Improving health for the poor depends on nurturing local innovations — and learning how to deliver them, argue Abdallah Daar and Peter Singer.
In the 1980s and 1990s the world's life sciences researchers were largely ignoring the poor, with genomics, for example, mostly confined to sophisticated labs in the rich world.
We argue that the life sciences revolution is now ushering in a new era of better and less expensive drugs, vaccines and diagnostics.  The prospect of improving health is greatest in low- and middle-income countries (LMICs), and the hope is that a child born in a poor country will have the same life expectancy as a child born in a rich country.
We are already seeing these efforts bear fruit. Take malaria, for example: a vaccine is due to be deployed by 2016. And at a biological level, researchers are studying genetic profiles to understand why some children get cerebral malaria and die while others don't. This is just one of many applications of life sciences in global health.
But there are ethical, social and commercial challenges in taking life-saving science from the lab to the village — to those most in need of these innovations. The sustainable solutions to these obstacles are homegrown, where the lab is closest to the village.
The Bill & Melinda Gates Foundation's Grand Challenges in Global Health programme, launched in 2003, began with 14 'critical barriers' to solving (mainly infectious) health problems in the developing world.
Subsequent initiatives for research prioritisation have focused on non-communicable diseases, such as the Grand Challenges in Chronic Non-Communicable Diseases, which led to the creation of the Global Alliance for Chronic Disease (GACD) — an international alliance of funding bodies to coordinate research on heart disease and stroke, some cancers, respiratory conditions and type 2 diabetes — and more recently the Grand Challenges in Global Mental Health initiative.
The latter two identify the role of social determinants of health, and the need to focus on behaviour change and implementation research — how to encourage the uptake of research findings.
Implementation research is desperately needed in LMICs to address issues taken for granted in rich countries. For example, research in urban Tanzania found that 30 per cent of people had high blood pressure but fewer than one in five were aware of their condition, and just 10 per cent of those received sustained treatment.
Research funding for such problems will soon be announced by GACD, in partnership with Grand Challenges Canada and others, including the Canadian Institutes of Health Research and the International Development Research Centre.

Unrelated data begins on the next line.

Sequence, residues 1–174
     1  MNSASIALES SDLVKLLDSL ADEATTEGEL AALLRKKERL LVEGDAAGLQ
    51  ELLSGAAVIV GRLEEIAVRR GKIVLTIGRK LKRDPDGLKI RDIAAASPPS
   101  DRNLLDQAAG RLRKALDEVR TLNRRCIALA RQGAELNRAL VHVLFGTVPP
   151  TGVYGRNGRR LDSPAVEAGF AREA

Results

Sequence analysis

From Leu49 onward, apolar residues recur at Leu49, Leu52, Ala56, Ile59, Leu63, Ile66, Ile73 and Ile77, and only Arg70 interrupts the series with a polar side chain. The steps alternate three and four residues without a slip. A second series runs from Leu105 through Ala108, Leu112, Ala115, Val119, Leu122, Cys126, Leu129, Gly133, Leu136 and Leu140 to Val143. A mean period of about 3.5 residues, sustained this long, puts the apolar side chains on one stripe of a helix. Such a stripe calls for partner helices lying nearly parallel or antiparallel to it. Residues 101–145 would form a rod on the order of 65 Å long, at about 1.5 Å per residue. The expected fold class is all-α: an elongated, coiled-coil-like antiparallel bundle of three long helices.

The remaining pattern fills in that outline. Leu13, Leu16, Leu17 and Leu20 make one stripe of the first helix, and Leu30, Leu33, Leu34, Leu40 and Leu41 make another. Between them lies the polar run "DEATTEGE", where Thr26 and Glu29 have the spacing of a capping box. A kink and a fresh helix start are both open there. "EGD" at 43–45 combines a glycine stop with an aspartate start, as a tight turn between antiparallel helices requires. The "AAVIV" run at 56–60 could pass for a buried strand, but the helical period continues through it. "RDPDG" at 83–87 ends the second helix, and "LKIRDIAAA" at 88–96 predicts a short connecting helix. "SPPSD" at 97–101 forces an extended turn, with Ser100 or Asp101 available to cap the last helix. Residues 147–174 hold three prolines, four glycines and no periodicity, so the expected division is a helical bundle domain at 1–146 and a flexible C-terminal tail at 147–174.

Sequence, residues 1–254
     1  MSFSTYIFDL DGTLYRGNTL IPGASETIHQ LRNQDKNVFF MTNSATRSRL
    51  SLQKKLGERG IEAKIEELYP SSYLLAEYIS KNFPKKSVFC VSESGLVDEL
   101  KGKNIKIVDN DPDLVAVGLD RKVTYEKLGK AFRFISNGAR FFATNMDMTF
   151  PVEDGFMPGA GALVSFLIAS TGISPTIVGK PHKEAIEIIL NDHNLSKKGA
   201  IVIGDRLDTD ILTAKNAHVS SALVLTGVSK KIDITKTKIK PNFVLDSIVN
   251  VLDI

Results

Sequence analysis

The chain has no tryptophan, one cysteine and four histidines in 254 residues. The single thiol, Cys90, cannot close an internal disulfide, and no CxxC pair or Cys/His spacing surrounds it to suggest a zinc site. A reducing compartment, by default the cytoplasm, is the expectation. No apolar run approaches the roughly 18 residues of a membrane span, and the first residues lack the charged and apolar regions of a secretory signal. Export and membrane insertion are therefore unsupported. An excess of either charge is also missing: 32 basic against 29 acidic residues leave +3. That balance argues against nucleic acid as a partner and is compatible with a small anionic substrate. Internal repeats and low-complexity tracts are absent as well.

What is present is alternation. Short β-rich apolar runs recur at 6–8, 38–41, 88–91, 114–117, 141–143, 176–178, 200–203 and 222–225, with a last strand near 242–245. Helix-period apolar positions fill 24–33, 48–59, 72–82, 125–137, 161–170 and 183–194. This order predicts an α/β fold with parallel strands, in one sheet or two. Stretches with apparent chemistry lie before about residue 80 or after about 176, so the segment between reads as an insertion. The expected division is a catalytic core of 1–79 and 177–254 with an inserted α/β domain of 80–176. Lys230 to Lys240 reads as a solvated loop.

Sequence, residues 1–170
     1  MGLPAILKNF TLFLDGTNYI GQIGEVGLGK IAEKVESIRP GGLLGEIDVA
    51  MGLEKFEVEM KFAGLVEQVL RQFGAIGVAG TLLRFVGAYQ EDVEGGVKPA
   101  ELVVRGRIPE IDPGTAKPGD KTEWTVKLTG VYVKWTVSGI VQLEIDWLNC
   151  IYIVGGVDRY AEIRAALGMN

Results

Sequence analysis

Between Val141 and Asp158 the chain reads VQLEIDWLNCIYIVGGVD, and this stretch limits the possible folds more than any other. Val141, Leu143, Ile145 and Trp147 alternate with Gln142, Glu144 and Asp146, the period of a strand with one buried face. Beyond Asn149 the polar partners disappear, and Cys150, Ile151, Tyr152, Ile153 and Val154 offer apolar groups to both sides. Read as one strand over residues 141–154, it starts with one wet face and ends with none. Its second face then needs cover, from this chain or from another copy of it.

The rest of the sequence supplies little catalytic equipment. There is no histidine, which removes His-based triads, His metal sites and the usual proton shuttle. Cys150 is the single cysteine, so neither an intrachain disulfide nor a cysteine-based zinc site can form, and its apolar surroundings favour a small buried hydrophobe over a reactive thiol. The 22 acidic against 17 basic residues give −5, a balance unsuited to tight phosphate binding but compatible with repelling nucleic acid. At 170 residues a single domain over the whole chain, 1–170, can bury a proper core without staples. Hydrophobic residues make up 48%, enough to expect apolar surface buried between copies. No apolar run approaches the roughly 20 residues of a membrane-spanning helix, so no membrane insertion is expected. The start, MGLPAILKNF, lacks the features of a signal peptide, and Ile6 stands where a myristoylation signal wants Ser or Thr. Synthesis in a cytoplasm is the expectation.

Implementation: the challenges
Implementation research has not, until now, been considered a serious science. While randomised controlled trials are the gold standard for testing the safety and efficacy of drugs, schemes to deliver health interventions are less likely to be assessed with the same scientific rigour.
We need to understand how to deliver life-saving medical interventions, improve access to them, make them affordable, and scale them up massively.
And we must remember that identifying and funding research priorities in the life sciences are just the first step towards real change. Technologies need to be made into actual products and disseminated at a low cost to the people who need them.
Many scientific ideas come to nothing, or help far fewer people than intended. In most parts of Africa scientific ideas, even great ones, are never commercialised.
For example, a simple dipstick diagnostic test for schistosomiasis was not commercialised in Ghana because a system to do so simply does not exist. There are many other examples of 'stagnant technologies'. 
Other barriers include a culture of scientific research that focuses on publications rather than real-world outcomes; limited flow of knowledge and skills among researchers, business and capital providers, government regulators and policymakers; and almost no venture capital to fund ideas at an early stage.
But Africa is now in a position to begin solving its own health and economic problems. In Tanzania, a company called A to Z Textile Mills has become the continent's biggest manufacturer of long-lasting insecticide impregnated bed nets, while employing around 6,000 workers, improving health directly and indirectly.
Supporting local enterprise
Looking ahead to the next ten years, we believe innovation will fuel advances in global health and problems will be addressed in a holistic way. And implementation research will become more important as we gather deeper insights into disease risk and biology.
Nurturing local innovations and finding ways to get them to the people who need them is the sustainable answer to the health problems of the developing world.
What can we do to support innovative enterprises? Grand Challenges Canada is investing in research to integrate business, science and social innovation — something we call 'Integrated Innovation'. This will be key to taking scientific insight from the lab to the village.
And with its Global Health Rising Stars programme, Grand Challenges Canada provides funding for young researchers in developing countries to uncover truly innovative ideas likely to have a major impact.
There is little doubt we will see innovations from the developing world increasingly flowing to rich countries, turning the traditional notion of technology transfer on its head.
Abdallah Daar is chief scientist and Peter Singer is CEO of Grand Challenges Canada. Both are also professors at the University of Toronto and University Health Network, Canada. Their book, The Grandest Challenge, was published by Doubleday Canada.